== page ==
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by Kristin Higgins - September 25, 2019
The 2019 NPS Stakeholder and Project Review Meeting took place Sept. 19 in Little
Rock at the Cooperative Extension Service headquarters. This annual meeting has taken
place since the early 2000s and is an opportunity for people working, living and "playing"
in watersheds to get together and discuss policy issues related to nonpoint source
Water quality enthusiasts from across the state met in Little Rock recently to discuss
updates to Arkansas' Nonpoint Source Pollution Management Plan and to learn about
educational projects taking place in priority watersheds.
The stakeholder meeting is hosted by the Arkansas Natural Resources Commission. The Public Policy Center has for more than a decade assisted in coordinating the meeting, which attracts more
than 80 people each year.This year's meeting focused on programmatic updates at the federal level and the state
level. ANRC Director Bruce Holland discussed the departments' merger with the Arkansas
Department of Agriculture. He said the agency would continue to be known as ANRC but
with a tagline of being a division of the Department of Agriculture.
Deputy Director Ryan Benefield discussed nutrient management strategies in the state,
and program manager Tony Ramick detailed along with Steve Stake how they would be
moving forward with the Arkansas Unpaved Road Program now that is under their department.
Kevin McGaughey reviewed changes to the state's NPS Management Plan, which includes a profile on the state's 11 priority watersheds. These watersheds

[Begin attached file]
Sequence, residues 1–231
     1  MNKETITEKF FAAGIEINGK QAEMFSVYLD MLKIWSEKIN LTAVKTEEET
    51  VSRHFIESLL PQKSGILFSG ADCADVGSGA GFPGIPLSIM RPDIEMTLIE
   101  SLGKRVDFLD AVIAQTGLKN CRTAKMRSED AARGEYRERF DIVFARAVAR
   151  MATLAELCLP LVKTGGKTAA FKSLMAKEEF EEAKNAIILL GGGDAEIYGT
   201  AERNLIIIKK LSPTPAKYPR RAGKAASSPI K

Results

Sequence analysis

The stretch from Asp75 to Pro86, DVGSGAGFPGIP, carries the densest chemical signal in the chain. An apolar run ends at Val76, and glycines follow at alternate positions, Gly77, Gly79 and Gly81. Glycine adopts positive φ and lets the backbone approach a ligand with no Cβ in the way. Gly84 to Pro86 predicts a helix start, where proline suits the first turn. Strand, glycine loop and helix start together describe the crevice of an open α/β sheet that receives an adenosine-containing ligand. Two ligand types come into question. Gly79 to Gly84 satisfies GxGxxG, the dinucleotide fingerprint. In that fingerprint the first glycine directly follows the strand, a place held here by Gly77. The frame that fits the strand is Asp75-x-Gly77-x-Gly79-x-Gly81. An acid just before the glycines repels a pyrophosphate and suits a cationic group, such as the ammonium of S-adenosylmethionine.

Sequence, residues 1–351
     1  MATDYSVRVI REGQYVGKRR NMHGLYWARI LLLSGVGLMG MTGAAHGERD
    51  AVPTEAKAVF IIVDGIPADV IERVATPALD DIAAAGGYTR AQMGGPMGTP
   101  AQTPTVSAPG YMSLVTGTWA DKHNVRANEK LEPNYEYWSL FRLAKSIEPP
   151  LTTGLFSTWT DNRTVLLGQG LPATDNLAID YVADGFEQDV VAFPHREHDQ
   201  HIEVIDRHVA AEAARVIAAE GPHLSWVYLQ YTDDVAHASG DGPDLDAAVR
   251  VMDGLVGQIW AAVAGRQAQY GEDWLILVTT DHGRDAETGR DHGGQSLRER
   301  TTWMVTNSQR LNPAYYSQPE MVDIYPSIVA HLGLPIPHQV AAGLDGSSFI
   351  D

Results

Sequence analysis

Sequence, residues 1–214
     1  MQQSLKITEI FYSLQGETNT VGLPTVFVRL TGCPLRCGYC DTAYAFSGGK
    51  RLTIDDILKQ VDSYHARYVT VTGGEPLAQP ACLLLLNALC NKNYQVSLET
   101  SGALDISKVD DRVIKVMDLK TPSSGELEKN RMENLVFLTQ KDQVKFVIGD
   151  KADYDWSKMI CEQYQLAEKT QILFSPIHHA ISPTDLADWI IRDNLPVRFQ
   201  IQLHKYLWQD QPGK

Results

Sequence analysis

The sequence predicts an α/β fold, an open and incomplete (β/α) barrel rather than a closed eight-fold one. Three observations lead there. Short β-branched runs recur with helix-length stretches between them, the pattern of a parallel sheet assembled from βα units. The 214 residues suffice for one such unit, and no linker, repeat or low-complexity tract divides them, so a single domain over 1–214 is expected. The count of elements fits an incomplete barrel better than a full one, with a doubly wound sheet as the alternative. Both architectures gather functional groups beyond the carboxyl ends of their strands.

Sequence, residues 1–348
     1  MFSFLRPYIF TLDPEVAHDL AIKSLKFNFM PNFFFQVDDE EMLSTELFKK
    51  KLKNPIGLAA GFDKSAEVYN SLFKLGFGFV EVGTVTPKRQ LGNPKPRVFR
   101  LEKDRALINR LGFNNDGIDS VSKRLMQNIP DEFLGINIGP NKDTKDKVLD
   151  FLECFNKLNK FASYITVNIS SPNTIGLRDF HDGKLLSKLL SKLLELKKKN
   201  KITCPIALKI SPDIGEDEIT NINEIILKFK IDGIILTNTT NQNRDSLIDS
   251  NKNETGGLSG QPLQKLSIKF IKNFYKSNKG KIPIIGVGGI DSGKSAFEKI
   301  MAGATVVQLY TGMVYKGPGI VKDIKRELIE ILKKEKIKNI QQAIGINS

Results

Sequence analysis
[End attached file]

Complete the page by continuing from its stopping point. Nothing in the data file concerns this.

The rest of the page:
are identified through a multi-layered matrix tool that takes into consideration factors
such as population, impairments, presence of endangered species. The top 11 resulting
watersheds are then considered priorities for education and project funding.
Watershed-specific projects were highlighted throughout the day, specifically in the
Lake Conway-Point Remove Watershed, Beaver Watershed, and Illinois Watershed.
You can view the 2019 NPS Stakeholder Presentations at https://www.uaex.uada.edu/environment-nature/water/quality/policies.aspx. Find the agenda here.
What is Nonpoint Source Pollution?
Water pollution that comes from multiple sources spread over an area, such as runoff
from parking lots, agricultural fields, residential lawns, home gardens, construction,
mining and logging, is known as nonpoint source pollution. As runoff moves across
the landscape, it carries natural and manmade substances that can accumulate in waterways
and make them uninhabitable for aquatic species or unusable by people. Potential pollutants
include bacteria, nutrients, sediment, hazardous substances and trash. Given the number
of potential sources and variation in their potential contributions, these pollutants
are not easily traced back to their source.